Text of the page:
4: The Scent of a Mother

4: The Scent of a Mother

From Chicken Soup for the Soul: Touched by an Angel

The Scent of a Mother

Two things make the women unforgettable, their tears and their perfume.

~Sacha Guitry

A bottle of Shalimar sat upon my mother’s dresser. Right next to it was a signed picture of Jean Béliveau. In his prime, he was the handsome star hockey player for the Montreal Canadiens. Next to her children and husband, Mom’s two favorite possessions were side by side. A simple plastic frame encased the photo. The art deco Shalimar bottle by Baccarat was filled with an exotic fragrance, a blend of night-blooming flowers, vanilla and mysterious musk. The blue glass stopper was Guerlain Paris’s signature. A tidy ribbon encircled the bottleneck, much like the scarves or pearls that often graced my mother’s neck.

Our home was perfumed by Shalimar on a regular basis. I remember being upstairs in my bedroom when suddenly the heady scent wafted, silently but powerfully, into our rooms. I knew Mom was getting ready for an evening with Dad. Often my sister and I would watch her getting ready. Lying across her bed, we watched as she dressed “to the nines.” The finishing touch was a ceremony that never varied. She dabbed on her special scent behind her ears and at the base of her throat. We always giggled when she then stroked the final dab on the most intimate of places. Our giggles turned into full-blown laughter as she said, “You never know who you’re going to meet!” And out the door she swished, making a grand exit and leaving the scent of Shalimar in her wake.

We have continued to laugh through the years. My daughter recounted the first time she was introduced to my mother’s wit and wisdom at the tender age of ten. Very seriously, she watched as her grandmother went through her ritual, passing on advice to the bemused little girl. Her own daughters had squealed with delight when they listened to their great-grandmother’s story, passed down from their mother. And so it continues through the generations. Monsieur Guerlain unknowingly created a different kind of legend, but one of which I am sure that he would wholeheartedly approve.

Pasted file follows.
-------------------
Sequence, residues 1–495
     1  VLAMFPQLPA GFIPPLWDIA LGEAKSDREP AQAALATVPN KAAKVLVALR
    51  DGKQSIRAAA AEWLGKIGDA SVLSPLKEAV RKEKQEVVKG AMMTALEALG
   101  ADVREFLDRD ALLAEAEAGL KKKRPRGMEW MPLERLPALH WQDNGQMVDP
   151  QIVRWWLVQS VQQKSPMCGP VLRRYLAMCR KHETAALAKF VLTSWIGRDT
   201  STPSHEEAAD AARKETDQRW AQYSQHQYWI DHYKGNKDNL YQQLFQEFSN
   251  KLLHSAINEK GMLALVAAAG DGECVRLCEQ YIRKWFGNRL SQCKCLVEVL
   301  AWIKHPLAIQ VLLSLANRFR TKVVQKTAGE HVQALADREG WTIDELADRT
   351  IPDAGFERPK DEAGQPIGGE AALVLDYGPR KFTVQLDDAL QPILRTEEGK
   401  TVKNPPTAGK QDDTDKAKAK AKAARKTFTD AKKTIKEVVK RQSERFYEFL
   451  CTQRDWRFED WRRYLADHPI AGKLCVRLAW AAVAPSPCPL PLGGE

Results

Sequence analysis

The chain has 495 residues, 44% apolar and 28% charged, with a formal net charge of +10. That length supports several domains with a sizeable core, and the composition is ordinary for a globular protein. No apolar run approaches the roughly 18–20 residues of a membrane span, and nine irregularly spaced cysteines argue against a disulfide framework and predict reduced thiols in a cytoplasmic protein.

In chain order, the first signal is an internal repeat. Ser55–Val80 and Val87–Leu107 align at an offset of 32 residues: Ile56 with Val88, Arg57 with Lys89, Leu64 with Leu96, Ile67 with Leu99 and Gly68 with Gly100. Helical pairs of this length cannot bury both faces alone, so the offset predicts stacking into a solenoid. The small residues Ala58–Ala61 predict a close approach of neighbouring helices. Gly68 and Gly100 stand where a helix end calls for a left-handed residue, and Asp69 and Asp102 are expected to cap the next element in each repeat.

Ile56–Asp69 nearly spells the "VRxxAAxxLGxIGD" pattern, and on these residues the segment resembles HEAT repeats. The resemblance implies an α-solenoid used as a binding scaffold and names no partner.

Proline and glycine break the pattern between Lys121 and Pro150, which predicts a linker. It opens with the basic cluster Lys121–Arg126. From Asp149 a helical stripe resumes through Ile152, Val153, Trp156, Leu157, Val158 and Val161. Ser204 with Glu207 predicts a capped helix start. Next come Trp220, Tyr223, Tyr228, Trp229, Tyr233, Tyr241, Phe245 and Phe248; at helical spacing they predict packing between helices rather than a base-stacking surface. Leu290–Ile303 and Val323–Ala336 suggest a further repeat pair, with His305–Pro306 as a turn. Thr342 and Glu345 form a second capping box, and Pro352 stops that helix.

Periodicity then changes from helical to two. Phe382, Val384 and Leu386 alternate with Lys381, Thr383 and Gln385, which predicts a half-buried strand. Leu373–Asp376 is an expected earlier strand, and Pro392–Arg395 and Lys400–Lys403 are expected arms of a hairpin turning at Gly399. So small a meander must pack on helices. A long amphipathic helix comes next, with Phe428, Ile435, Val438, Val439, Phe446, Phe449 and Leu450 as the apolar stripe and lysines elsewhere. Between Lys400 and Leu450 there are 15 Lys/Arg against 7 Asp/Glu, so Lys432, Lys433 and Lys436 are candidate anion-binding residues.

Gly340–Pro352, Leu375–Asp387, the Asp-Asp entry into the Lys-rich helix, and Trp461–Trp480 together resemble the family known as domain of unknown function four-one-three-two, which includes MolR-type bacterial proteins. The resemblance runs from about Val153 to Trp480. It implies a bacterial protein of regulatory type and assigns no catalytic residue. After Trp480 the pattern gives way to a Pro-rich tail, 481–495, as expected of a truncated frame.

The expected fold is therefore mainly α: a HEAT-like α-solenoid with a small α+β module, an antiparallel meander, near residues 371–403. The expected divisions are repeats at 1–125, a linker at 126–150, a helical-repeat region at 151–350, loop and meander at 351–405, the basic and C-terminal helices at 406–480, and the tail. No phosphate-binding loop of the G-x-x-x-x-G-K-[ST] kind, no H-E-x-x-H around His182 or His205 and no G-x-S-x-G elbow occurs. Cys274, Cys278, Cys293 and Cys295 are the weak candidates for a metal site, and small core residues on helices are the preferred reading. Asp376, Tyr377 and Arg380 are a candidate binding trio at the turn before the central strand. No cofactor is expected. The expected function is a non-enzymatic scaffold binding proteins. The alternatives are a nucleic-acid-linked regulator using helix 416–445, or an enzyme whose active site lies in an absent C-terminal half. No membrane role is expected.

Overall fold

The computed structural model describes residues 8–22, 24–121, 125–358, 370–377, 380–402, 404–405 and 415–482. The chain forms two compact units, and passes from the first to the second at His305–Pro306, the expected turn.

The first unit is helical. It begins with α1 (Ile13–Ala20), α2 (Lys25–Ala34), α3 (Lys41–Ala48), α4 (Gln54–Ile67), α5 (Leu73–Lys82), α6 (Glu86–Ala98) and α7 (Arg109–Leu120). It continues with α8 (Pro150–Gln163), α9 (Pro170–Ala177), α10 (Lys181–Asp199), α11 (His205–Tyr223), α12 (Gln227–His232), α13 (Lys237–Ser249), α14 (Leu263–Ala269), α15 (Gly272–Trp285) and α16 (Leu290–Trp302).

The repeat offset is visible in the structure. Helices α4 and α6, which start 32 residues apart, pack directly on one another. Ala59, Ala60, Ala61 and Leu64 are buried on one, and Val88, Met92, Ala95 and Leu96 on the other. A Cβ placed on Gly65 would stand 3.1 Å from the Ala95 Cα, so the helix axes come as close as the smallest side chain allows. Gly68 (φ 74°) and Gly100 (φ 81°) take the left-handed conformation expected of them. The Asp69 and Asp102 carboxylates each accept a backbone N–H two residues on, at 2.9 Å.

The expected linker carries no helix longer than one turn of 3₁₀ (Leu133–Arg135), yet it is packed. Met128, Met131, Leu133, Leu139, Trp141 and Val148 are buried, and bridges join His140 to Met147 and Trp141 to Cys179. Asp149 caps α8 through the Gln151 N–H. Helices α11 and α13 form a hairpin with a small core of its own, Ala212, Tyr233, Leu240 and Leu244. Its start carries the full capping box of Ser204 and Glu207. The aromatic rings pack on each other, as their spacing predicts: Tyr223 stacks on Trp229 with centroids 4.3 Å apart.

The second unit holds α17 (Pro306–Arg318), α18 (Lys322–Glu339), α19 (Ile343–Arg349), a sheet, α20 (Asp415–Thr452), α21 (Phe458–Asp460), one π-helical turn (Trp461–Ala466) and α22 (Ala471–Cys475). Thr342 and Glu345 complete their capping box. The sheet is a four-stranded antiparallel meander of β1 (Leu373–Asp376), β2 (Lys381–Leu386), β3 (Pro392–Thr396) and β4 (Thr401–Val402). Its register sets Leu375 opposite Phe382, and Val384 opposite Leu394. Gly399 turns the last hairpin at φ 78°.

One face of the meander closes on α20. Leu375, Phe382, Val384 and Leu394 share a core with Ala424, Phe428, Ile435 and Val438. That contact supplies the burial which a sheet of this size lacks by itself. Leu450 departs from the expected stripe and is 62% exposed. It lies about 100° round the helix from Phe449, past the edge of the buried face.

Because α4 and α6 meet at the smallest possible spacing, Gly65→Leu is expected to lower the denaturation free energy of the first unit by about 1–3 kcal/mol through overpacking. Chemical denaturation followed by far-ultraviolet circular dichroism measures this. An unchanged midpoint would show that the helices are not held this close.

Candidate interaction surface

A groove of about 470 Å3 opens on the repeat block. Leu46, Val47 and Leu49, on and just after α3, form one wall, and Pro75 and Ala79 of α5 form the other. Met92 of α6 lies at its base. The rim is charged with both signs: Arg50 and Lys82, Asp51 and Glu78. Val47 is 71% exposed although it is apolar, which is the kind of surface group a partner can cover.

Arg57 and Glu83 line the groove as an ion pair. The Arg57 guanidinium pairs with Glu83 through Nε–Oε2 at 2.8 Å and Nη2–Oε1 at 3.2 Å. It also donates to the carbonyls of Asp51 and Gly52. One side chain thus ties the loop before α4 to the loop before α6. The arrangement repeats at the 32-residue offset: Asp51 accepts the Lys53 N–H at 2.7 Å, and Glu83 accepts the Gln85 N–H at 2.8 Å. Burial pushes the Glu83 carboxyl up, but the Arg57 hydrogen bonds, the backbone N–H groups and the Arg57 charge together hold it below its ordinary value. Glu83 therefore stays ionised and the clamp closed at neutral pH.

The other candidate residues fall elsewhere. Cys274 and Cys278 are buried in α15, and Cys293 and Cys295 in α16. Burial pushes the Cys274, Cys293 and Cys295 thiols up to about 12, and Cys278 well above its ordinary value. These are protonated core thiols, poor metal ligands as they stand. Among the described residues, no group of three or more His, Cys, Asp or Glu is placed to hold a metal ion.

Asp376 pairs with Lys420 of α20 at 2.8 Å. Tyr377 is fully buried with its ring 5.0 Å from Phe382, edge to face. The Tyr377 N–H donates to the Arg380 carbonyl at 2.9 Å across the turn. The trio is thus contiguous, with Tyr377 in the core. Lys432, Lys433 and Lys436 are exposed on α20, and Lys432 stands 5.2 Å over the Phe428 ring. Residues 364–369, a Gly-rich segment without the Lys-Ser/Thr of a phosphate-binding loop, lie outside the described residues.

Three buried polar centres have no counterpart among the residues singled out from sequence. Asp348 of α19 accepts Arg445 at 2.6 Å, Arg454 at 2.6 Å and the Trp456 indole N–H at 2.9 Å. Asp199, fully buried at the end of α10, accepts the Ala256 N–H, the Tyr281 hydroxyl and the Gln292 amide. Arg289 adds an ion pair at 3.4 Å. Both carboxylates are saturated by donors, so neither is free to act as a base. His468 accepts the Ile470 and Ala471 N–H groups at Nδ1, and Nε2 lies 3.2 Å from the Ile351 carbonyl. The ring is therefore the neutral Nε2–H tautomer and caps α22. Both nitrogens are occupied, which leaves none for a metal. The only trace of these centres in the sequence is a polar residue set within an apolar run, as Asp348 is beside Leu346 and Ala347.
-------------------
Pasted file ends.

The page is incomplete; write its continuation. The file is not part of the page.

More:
Mom tried a different scent once. Her new choice was Forever Krystle, popular at the time of the hit TV show Dynasty. The beautiful Linda Evans played the part of Krystle, the second and “nice” wife of oil tycoon Blake Carrington. This flowery perfume was the total opposite of Mom’s classic fragrance, and because it underpowered the personality of my mother, it only lasted a brief time. Forever Krystle was forever no more. Back to the beribboned bottle waiting patiently next to Jean.

My parents’ fiftieth wedding anniversary marked an especially poignant time for us. A surprise party planned by her four children was a huge and emotional success. Old friends came from afar, as did family that had scattered to different parts of the world. We all watched in awe as Mom danced with our father, her great and only love of so many years. The singer crooned their special wartime song, “Yours,” while Dad softly sang to Mom, “Yours till the end of life’s story,” with tears streaming down his face.

After my dad passed, the scent of Shalimar no longer lingered. The bottle remained untouched. Jean’s picture faded. Yet both remained in their place of honor.

Now the four of us sat together, surrounding our mother as she lay quietly in her hospital bed. No scarf, no lipstick, no curls. She was more beautiful than ever.

I bent over her for one last time, and caught a subtle scent. I called my sister over and she too was amazed as the fragrance became stronger. My brother, returning from the coffee shop, was perplexed when he smelled the familiar but still unidentifiable scent. The nurse pulled open the curtain, and sternly asked, “Who has sprayed perfume in here?” My sister and I glanced knowingly at each other.

The scent of Shalimar, the scent to last through the ages, had permeated our entire surroundings. Our mother made the grand final exit, and we could almost hear her say, “You never know who you’re going to meet.”

~Sharlene Walker

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